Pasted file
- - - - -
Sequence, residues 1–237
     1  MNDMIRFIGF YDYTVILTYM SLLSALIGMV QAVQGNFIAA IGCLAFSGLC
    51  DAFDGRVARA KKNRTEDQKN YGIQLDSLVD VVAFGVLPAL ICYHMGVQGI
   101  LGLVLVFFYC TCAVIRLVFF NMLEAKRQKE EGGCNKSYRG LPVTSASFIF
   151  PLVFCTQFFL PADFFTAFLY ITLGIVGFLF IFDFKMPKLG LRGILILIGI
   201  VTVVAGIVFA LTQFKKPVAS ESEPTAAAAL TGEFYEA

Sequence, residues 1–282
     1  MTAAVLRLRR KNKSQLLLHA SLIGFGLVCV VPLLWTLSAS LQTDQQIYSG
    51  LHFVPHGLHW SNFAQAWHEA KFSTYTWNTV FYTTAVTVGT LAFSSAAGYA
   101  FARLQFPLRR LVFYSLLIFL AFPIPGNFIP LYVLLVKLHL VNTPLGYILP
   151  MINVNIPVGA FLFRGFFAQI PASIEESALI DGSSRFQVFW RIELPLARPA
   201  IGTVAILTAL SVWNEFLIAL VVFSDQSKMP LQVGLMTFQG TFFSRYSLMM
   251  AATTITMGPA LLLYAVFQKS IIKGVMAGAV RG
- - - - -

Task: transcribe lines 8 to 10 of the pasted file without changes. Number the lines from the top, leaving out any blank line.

     1  MTAAVLRLRR KNKSQLLLHA SLIGFGLVCV VPLLWTLSAS LQTDQQIYSG
    51  LHFVPHGLHW SNFAQAWHEA KFSTYTWNTV FYTTAVTVGT LAFSSAAGYA
   101  FARLQFPLRR LVFYSLLIFL AFPIPGNFIP LYVLLVKLHL VNTPLGYILP